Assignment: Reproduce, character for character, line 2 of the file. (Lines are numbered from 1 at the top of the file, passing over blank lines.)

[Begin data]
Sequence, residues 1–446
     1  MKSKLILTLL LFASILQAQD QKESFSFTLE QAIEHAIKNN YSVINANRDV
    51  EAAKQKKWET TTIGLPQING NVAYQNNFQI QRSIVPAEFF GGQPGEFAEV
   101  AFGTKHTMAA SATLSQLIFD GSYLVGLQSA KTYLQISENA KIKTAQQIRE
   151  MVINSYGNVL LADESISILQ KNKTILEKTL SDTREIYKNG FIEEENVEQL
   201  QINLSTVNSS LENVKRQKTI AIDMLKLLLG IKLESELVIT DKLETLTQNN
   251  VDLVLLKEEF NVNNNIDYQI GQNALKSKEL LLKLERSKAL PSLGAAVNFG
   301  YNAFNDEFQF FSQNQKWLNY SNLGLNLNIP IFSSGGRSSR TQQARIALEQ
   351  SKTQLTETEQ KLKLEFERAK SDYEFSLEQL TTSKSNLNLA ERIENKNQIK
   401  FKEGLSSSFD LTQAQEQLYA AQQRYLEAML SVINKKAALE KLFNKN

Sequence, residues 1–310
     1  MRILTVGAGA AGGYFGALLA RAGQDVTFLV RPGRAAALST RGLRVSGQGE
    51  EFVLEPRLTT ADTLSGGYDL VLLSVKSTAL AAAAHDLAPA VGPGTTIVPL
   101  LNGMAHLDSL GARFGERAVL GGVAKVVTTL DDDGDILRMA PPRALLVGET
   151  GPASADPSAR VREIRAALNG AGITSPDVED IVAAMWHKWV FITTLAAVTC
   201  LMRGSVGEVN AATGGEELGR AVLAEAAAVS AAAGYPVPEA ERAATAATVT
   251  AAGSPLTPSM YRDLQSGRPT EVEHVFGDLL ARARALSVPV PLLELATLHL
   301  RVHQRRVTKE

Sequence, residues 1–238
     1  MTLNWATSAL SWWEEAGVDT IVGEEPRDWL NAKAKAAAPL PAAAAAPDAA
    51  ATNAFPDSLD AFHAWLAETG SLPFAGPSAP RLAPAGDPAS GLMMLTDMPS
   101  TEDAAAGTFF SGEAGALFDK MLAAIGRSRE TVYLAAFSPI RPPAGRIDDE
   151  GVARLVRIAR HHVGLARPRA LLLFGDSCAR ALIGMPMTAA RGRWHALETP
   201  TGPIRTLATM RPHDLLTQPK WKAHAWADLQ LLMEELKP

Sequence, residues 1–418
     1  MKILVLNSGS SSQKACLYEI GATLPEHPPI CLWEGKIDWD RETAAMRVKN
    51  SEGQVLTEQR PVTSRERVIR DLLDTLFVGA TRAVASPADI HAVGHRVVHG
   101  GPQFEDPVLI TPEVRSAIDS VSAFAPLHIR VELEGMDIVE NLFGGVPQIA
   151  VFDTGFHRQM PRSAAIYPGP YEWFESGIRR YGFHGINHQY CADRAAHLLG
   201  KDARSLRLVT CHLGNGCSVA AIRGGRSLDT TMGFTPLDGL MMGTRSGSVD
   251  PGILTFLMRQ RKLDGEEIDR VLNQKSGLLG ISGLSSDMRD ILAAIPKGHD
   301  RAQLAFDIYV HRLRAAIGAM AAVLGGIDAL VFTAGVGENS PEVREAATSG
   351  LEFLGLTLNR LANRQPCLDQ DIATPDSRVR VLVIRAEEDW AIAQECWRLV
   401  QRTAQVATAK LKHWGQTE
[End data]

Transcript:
     1  MKSKLILTLL LFASILQAQD QKESFSFTLE QAIEHAIKNN YSVINANRDV